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Myanmar Democratic Transition Holds Foreign Mining Investment Bonanza

Resource Investing News

Myanmar’s transition to democracy is already piquing the interest of international investors interested in the country’s hitherto unmapped and vastly unexplored natural resources sector. The country’s first mining summit for investors is being hosted in July, and some miners are already in talks with companies in Myanmar.

By Karan Kumar — Exclusive to Resource Investing News

Myanmar’s transition to democracy after decades of military dictatorship is likely to open doors to a flood of investment in the country, whose neighbors include the world’s two biggest markets, China and India. Rich in copper, gold, zincgems, oil, gas, and probably many more minerals – the country is not yet completely geologically mapped – the potential for miners in Myanmar is huge.

On April 23, the European Union agreed to suspend most of its sanctions against Myanmar for a year, which will allow European firms to invest in the country, Reuters reported. The EU sanctions included a ban on trade and investment related to mining, among other activities.

“A reform-minded Myanmar will soon open to the west, but there is uncertainty within the mining community if strategic minerals will be immediately open to western investors when sanctions have been lifted globally,” James Foster, Vice President at Emerging Asia Capital, told Resource Investing News in an interview.

New frontier for Asian mining

Foster added, “the EU has most recently lifted these sanctions, and this has led to recent visits from British Prime Minister David Cameron. These visits are indicative of what could be the new frontier for Asian mining, but many areas have been left unmapped, resources misunderstood, and corporate governance murky to say the least. As with any frontier market, there is clearly an opportunity, but where and how are the big unanswered questions.”

Dr. Nyi Nyi, a retired professor and former minister of mines in Myanmar, urged the government to create an updated map and detailed description of Myanmar’s geology, The Myanmar Times reported. Dr. Nyi Nyi told the newspaper that mapping Myanmar could lead to the identification of rare earth elements. “We need a map to help locate and classify minerals,” the professor said, adding that the book Geology in Burma, which was written in 1934, needs to be updated or rewritten.

Mapped or not, companies are already venturing into Myanmar. Philippines-based Philex Mining Corp. (OTC Pink:PXMFF), the country’s largest gold miner, said last month that it has sent representatives to Myanmar to look at opportunities and assess the investment opportunities, The China Post reported. Philex said it is eying “metallic minerals” and perhaps natural gas in Myanmar, but did not disclose which local companies it is talking with. Russian news agency Interfax reported that Belarus and Myanmar are close to “creating joint projects in the oil and gas sector” after Than Htay, Myanmar’s Energy Minister, visited the Eastern European country’s capital.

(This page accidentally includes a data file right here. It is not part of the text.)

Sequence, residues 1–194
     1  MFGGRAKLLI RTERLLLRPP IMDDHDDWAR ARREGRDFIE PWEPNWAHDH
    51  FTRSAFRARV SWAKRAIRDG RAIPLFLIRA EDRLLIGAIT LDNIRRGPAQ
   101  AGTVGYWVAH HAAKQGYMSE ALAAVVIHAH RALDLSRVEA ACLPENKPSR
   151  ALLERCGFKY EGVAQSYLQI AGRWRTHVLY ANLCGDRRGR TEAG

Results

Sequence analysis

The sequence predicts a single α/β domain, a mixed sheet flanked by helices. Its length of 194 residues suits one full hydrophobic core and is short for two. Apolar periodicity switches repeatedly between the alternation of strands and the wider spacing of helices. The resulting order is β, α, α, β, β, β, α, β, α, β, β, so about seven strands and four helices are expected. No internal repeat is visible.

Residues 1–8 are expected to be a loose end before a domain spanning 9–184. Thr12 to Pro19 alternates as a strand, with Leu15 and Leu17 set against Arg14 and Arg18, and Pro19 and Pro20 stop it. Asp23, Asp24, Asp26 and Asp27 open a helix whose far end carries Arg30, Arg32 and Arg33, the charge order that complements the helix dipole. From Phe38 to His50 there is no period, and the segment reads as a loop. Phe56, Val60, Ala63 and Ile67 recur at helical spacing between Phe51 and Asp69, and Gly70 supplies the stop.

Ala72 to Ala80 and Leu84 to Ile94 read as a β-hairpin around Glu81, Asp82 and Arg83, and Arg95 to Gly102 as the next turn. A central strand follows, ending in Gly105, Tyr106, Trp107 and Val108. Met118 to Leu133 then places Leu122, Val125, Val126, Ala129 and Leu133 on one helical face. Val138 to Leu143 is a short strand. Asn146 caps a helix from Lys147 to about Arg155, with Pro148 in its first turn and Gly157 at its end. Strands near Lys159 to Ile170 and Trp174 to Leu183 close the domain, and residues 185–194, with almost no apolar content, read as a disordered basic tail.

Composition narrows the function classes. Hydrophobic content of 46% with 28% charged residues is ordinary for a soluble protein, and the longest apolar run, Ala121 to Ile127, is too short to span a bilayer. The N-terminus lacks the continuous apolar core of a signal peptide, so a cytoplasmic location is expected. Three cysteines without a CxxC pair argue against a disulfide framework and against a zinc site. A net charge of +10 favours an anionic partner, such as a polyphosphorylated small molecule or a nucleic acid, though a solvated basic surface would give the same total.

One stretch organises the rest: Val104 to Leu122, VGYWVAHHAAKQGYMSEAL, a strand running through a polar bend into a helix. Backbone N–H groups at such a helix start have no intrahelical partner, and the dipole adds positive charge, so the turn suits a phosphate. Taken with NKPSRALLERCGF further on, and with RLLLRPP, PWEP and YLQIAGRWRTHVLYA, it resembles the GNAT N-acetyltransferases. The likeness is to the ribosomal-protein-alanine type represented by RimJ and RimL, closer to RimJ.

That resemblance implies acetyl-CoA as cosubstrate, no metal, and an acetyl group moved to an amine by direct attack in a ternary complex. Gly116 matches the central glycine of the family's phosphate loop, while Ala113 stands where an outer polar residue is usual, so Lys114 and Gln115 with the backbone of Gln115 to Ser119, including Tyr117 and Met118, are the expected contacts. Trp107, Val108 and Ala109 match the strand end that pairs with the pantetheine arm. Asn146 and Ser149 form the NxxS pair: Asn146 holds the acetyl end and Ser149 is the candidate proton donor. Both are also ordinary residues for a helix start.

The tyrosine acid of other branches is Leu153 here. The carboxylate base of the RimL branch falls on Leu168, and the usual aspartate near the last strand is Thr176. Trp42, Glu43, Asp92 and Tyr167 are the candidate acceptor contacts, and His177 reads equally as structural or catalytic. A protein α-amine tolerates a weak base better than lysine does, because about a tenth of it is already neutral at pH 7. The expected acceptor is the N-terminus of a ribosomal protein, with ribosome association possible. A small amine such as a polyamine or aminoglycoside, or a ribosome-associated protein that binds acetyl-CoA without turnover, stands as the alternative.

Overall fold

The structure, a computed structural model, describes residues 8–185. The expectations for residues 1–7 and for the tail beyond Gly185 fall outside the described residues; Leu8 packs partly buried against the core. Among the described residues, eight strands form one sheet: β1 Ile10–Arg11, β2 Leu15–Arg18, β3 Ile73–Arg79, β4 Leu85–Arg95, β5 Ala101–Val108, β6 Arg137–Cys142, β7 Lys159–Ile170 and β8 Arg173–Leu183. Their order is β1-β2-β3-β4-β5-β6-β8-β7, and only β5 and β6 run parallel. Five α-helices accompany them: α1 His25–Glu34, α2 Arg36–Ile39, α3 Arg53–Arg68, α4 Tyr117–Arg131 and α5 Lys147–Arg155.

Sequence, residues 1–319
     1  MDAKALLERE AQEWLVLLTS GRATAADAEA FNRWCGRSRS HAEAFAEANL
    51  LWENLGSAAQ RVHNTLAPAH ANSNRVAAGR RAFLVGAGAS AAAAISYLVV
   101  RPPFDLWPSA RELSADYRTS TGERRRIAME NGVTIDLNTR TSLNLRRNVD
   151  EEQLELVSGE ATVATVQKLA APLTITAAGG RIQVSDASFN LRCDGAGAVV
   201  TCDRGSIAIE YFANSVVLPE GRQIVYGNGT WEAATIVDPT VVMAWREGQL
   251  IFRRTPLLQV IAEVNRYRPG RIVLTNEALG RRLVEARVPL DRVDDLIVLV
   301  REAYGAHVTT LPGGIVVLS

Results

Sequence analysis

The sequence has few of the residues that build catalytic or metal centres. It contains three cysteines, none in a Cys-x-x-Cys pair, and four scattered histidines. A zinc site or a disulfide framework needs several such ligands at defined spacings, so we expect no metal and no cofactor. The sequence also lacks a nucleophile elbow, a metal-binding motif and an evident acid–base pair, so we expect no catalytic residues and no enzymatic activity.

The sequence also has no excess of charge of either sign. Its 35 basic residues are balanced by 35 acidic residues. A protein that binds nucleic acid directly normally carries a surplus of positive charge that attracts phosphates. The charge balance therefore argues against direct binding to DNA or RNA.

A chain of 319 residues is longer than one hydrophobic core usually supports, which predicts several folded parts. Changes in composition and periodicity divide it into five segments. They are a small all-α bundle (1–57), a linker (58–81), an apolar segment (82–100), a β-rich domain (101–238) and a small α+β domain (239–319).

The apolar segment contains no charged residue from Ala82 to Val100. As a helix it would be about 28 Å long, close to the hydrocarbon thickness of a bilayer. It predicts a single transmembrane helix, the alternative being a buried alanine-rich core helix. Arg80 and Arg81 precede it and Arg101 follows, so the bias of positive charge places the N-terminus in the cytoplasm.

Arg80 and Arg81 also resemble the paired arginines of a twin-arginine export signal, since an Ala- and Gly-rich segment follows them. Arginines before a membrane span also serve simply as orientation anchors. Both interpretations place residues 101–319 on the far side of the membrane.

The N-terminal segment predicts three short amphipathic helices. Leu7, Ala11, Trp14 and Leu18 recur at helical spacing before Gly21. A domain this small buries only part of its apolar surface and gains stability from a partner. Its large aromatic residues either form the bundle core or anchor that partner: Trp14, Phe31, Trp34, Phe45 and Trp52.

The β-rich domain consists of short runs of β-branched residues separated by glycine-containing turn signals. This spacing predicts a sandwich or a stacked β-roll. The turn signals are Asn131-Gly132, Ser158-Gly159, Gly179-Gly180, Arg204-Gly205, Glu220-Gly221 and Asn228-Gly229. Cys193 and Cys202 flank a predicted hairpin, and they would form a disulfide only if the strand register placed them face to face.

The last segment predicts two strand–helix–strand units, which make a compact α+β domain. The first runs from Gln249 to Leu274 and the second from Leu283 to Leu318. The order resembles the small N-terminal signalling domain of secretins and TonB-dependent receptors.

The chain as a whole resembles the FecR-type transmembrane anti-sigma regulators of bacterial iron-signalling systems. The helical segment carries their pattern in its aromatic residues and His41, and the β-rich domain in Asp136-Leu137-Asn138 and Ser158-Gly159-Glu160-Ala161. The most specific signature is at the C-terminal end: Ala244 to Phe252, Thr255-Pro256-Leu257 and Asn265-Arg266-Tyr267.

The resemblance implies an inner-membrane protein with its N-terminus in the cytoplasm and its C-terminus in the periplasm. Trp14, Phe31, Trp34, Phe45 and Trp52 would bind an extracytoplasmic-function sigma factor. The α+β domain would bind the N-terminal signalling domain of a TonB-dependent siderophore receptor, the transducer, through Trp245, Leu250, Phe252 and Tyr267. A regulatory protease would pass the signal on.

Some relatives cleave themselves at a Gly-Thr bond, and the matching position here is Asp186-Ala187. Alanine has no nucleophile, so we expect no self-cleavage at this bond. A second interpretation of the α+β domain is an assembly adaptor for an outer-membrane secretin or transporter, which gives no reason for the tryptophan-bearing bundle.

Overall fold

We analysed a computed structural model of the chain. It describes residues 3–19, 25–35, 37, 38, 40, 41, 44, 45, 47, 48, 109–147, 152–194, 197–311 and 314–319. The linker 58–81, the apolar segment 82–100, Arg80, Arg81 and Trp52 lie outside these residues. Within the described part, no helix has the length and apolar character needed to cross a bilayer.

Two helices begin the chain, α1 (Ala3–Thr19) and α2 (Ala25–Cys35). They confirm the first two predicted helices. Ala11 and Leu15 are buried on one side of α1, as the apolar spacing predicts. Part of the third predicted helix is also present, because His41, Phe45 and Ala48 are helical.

Myanmar’s government could work with Australia to help establish a mining regulatory regime that mirrors the Australian system, IFLR stated, citing a senior official at the Myanmar Investment Commission.

First Myanmar Mining Summit

The first Myanmar Mining Summit is being hosted in Yangon from July 11 to 12. Its goal is to help investors learn about the country’s mining jurisdictions, the processes involved in setting up exploration ventures, and other investment topics. The event is being organized by the Centre for Management Technology (CMT), a Singapore-based conference organizer. CMT’s Myanmar Oil, Gas & Power Summit in March of this year welcomed about 300 participants.

Rachel Shoemaker, head of Asia forecasting at Exclusive Analysis, a London-based risk intelligence firm, advises potential investors in Myanmar to be cautious due the risk of corruption and the ethnically-divided nature of the country and its politics.

“There are over 130 ethnic groups and many are represented in parliament by ethnic-based parties,” Shoemaker told Resource Investing News in an interview. “The Bamar are the dominant group, but others like the Shan and Kayin are also sizeable in number. So for instance, an investor in Shan State would likely need to accommodate both the central government and the interests of the Shan.”

Despite the hurdles, Shoemaker added that foreign investment into Myanmar is expected to increase. “New foreign investment laws are expected to pass, providing investors with five-year tax holidays, 100 percent company ownership, and 100 percent profit repatriation. Increased currency transparency also makes the country more attractive to foreign investors.”


Securities Disclosure: I, Karan Kumar, hold no direct investment interest in any company mentioned in this article.


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